Well, Almost All My Fault…
In the “Shooting Blanks: Do As I Say, Not As I Do” blog post here, I wrote, I am still not sure how that happened, but, it happened.” The next day I received an e-mail from Doug Howell suggesting that I might have inadvertently pressed the Card/Image size selection button on the left rear of the back of the camera and then rotated the thumb wheel. I asked that Doug post his e-mail as a comment on the blog but he misunderstood and posted it on BPN in the gear forum. Shortly thereafter I received several e-mails, the first from Jeff Rugg, advising that I check out the January 22, 2013 Canon Rumors post here.
This is the symbol for the Card/Image size selection button. It is located on the left rear of the back of the camera next to the small, lower LCD screen.
An Error in My Thinking…
When I first began working on this blog post I remembered attempting to change the color temperature when we were photographing the sunrise on the morning of Saturday, February 19 and thought that that might have been when my problems started as on the 1D Mark IV you can change the color temperature via a button below the smaller of the two LCDs.
This Black-capped Chickadee image was created with the tripod-mounted Canon EF 800mm f/5.6L IS USM Autofocus lens, the Canon 1.4x EF Extender III (teleconverter), and the Canon EOS-1D X digital SLR . ISO 800. Evaluative metering -1 stop: 1/200 sec. at f/10 in Av mode.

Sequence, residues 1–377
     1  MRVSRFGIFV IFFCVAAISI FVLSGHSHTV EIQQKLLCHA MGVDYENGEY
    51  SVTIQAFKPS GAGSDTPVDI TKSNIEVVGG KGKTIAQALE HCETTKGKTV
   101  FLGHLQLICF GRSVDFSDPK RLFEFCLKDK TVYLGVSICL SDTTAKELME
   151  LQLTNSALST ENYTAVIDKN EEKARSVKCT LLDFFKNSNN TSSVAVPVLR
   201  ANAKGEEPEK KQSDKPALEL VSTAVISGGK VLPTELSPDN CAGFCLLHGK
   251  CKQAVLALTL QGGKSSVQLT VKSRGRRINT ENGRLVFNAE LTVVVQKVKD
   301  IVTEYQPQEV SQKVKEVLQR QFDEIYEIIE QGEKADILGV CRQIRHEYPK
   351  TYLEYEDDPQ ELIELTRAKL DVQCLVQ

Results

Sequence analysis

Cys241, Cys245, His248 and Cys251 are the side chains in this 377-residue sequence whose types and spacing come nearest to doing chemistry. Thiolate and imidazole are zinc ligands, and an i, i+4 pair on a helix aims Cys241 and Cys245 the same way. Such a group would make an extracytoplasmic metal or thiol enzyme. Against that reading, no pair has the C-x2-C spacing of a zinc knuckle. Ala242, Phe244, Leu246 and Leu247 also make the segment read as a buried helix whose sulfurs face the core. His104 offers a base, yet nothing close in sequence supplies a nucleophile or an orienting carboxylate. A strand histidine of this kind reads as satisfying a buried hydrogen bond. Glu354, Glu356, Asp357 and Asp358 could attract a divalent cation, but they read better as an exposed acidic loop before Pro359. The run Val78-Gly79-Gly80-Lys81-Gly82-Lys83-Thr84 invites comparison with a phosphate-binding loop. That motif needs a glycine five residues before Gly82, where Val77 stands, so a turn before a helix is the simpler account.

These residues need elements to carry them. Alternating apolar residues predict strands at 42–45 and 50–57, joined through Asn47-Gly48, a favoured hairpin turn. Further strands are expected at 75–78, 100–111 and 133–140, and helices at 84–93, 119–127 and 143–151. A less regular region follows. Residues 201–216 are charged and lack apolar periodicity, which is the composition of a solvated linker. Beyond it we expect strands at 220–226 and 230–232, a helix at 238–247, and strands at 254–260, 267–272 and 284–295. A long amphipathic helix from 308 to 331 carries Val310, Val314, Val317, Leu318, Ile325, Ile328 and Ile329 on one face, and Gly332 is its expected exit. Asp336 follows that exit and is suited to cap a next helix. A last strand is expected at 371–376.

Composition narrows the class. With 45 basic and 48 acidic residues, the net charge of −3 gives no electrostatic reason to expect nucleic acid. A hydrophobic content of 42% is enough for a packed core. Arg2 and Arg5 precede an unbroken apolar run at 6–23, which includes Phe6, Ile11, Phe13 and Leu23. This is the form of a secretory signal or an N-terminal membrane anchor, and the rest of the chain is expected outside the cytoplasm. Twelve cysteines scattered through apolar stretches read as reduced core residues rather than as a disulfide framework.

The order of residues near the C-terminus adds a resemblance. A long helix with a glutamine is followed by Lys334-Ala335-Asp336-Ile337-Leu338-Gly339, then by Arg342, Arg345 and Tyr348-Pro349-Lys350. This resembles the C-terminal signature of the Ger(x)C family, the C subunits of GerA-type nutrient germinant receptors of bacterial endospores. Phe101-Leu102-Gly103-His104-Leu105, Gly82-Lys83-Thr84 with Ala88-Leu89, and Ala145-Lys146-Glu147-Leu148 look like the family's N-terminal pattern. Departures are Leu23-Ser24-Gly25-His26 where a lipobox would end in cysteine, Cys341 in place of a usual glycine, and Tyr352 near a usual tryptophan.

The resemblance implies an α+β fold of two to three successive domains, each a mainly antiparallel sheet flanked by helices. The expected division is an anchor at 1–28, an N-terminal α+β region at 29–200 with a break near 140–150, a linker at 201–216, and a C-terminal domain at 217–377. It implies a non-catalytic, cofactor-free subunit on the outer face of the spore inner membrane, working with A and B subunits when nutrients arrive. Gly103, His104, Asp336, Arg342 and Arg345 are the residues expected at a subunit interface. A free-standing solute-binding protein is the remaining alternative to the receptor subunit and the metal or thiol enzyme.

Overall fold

Why Av mode here? The light was changing constantly from bright sunny to cloudy and I found it easier to go from -1 stop when it was cloudy to -1 1/3 stops when the sun came out rather than having to make major changes to both aperture and shutter speed whenever the lighting conditions changed….
The Last RAW File
But when I went into my image folder for Thursday January 17, the day that Denise and I went to Elizabeth A. Morton NWR in Noyac, NY, I discovered exactly when the M2 JPEG problem began. The image above is from a RAW file that I created at 10:15:55 am.
This Downy Woodpecker image was created with the tripod-mounted Canon EF 800mm f/5.6L IS USM Autofocus lens, the Canon 1.4x EF Extender III (teleconverter), and the Canon EOS-1D X digital SLR . ISO 800. Evaluative metering -1 1/3 stops: 1/400 sec. at f/10 in Av mode.
Though it does not seem so it is likely that the light was a bit stronger when I made this image than when I made the chickadee image above.